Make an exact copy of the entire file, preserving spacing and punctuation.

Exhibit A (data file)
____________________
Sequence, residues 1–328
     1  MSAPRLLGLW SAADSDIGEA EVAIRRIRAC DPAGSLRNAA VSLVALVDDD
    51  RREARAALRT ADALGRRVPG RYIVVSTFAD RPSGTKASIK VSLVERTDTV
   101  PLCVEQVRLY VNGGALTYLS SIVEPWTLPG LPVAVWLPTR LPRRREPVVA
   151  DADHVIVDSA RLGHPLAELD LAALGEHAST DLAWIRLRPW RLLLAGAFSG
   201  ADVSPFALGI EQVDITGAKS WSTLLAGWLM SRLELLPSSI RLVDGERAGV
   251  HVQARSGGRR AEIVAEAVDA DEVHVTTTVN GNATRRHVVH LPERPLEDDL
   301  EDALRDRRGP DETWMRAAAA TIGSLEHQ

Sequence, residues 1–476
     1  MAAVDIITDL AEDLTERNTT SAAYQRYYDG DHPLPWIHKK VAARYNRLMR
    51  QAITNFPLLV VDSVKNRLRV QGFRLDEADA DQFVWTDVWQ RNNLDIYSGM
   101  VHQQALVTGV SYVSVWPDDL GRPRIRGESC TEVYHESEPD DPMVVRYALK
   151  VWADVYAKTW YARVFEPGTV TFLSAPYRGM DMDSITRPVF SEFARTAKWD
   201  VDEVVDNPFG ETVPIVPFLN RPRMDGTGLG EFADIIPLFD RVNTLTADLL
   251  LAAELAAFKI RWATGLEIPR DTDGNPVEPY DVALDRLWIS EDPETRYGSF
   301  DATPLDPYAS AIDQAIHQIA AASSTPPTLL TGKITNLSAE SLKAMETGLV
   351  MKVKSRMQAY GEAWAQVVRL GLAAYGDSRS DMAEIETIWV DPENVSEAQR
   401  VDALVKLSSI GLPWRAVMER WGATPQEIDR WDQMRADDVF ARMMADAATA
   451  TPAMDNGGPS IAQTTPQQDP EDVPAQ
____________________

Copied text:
Sequence, residues 1–328
     1  MSAPRLLGLW SAADSDIGEA EVAIRRIRAC DPAGSLRNAA VSLVALVDDD
    51  RREARAALRT ADALGRRVPG RYIVVSTFAD RPSGTKASIK VSLVERTDTV
   101  PLCVEQVRLY VNGGALTYLS SIVEPWTLPG LPVAVWLPTR LPRRREPVVA
   151  DADHVIVDSA RLGHPLAELD LAALGEHAST DLAWIRLRPW RLLLAGAFSG
   201  ADVSPFALGI EQVDITGAKS WSTLLAGWLM SRLELLPSSI RLVDGERAGV
   251  HVQARSGGRR AEIVAEAVDA DEVHVTTTVN GNATRRHVVH LPERPLEDDL
   301  EDALRDRRGP DETWMRAAAA TIGSLEHQ

Sequence, residues 1–476
     1  MAAVDIITDL AEDLTERNTT SAAYQRYYDG DHPLPWIHKK VAARYNRLMR
    51  QAITNFPLLV VDSVKNRLRV QGFRLDEADA DQFVWTDVWQ RNNLDIYSGM
   101  VHQQALVTGV SYVSVWPDDL GRPRIRGESC TEVYHESEPD DPMVVRYALK
   151  VWADVYAKTW YARVFEPGTV TFLSAPYRGM DMDSITRPVF SEFARTAKWD
   201  VDEVVDNPFG ETVPIVPFLN RPRMDGTGLG EFADIIPLFD RVNTLTADLL
   251  LAAELAAFKI RWATGLEIPR DTDGNPVEPY DVALDRLWIS EDPETRYGSF
   301  DATPLDPYAS AIDQAIHQIA AASSTPPTLL TGKITNLSAE SLKAMETGLV
   351  MKVKSRMQAY GEAWAQVVRL GLAAYGDSRS DMAEIETIWV DPENVSEAQR
   401  VDALVKLSSI GLPWRAVMER WGATPQEIDR WDQMRADDVF ARMMADAATA
   451  TPAMDNGGPS IAQTTPQQDP EDVPAQ